Hardening Off Tomatoes 2022

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This week’s weather in my part of Connecticut is fantastic. My tomato babies will love the heat in the greenhouse from the sun and the breezes flowing thru the doors and vents. I am not, however, putting my tomato plants outdoors yet too much because it has been very breezy and windy. I use caution because I don’t want to dry out the delicate tomato start leaves.

This time of year is very busy for plant business people so I don’t really even have that much time to write this am, but as I sip my coffee no. 2, I wanted to post a quick hello and a pic or two. When the breezes subside, I will be rotating out my tomato starts in groupings this week to harden them off (acclimate). I try to avoid full sun and place them on trays where there is some shade from a nearby dawn redwood tree (a tree very useful because it looses its needles in the winter (thus, no shade is cast during winter on my greenhouse) but gets the needles growing now so it provides the shade I enjoy for my hardening off of the tomato plants.

If you put your tomato plants out in full sun immediately from your indoor growing environment, it will burn the leaves and white patches will appear on the leaves afterwards (usually you will see it the next day on the leaves). So I always do shade, part shade, part sun and luckily I have that available. I also use tables, shelves, and it becomes a little crowded, but in addition to focusing on hardening off the plants in non-full sun locations at first, I make sure things are spaced inside and out to allow air circulation around the plants. This helps prevent diseases on the leaves or other issues.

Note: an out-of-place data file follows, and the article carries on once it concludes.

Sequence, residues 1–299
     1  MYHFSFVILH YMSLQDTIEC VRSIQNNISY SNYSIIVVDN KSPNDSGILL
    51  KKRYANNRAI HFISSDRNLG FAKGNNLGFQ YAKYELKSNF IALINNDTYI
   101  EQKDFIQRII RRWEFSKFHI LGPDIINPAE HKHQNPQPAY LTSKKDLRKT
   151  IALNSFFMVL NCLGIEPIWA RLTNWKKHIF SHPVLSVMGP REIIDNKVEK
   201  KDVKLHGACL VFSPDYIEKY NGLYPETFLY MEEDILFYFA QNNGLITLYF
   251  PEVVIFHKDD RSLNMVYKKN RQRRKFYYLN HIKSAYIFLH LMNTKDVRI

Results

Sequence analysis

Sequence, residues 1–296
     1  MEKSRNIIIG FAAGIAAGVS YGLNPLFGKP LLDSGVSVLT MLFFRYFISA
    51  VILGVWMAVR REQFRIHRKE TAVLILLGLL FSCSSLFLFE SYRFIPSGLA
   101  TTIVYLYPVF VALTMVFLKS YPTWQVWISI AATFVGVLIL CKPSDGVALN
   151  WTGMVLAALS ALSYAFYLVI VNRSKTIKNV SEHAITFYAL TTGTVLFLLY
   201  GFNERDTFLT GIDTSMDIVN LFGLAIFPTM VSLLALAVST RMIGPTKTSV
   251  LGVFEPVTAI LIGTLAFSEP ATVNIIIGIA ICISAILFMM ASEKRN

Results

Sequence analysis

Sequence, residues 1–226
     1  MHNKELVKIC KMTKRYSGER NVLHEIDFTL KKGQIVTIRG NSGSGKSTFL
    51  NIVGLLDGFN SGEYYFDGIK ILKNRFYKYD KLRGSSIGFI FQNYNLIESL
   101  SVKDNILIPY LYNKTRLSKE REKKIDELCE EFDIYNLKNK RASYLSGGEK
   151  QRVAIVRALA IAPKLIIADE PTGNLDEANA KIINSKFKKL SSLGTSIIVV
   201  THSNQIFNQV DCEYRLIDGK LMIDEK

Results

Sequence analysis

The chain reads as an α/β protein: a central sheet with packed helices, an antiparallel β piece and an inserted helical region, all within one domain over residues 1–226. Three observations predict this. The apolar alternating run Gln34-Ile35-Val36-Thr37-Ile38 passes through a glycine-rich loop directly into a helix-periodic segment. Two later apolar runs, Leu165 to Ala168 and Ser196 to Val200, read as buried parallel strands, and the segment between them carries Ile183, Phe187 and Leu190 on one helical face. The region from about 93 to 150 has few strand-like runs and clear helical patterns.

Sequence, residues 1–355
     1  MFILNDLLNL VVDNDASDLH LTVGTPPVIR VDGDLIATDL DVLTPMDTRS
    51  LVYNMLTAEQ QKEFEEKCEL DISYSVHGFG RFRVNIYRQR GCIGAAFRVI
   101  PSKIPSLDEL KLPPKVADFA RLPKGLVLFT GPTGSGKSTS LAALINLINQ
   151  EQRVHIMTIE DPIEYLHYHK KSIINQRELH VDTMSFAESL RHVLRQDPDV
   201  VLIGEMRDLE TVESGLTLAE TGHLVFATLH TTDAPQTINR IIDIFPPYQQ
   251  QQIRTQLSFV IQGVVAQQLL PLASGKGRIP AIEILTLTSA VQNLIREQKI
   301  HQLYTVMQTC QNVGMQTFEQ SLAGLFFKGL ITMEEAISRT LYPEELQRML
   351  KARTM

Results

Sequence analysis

Some of my tomato starts are ready to be potted up and I usually do some to one gallon pots as needed. Others are still okay in their smaller pots, but if they start to lean, I know it is time to twine them to a small wooden stake.

Most of my plants are spoken for now, but I believe I still have some of the wonderful heirloom Cherokee Purples available. And Ground Cherries, those are still small and I’m not sure why, but I have faith they will perform when the time is right. This is the first year I am growing the Ground Cherries from seed. They are like hot pepper plants apparently, they really need heat to grow well from seed. I discovered the ground cherries last year, they taste like pineapple!

Ground Cherries from a site I visited last year in New Hampshire – inspired me to try them this year!

Well, this is all I can write for today, I have to get out there, get plants watered, out and then off to a site to prep for planting later this month. BTW, I wait to put my tropical plants and tomatoes/warm season vegetables in their permanent outdoor pots and or grow bags till Memorial Day. Hardening off is taking place now on good days with sun and not too windy or cool conditions. And I will rotate them out in groupings. Plus they still need to grow some. So happy about the great weather to do all!

Have a great day and week! Enjoy this weather!!

Cathy Testa
containercathy at gmail.com
860-977-9473
Broad Brook/East Windsor, CT
Zone 6b
Container Gardener
Plant Enthusiast
Nature Lover!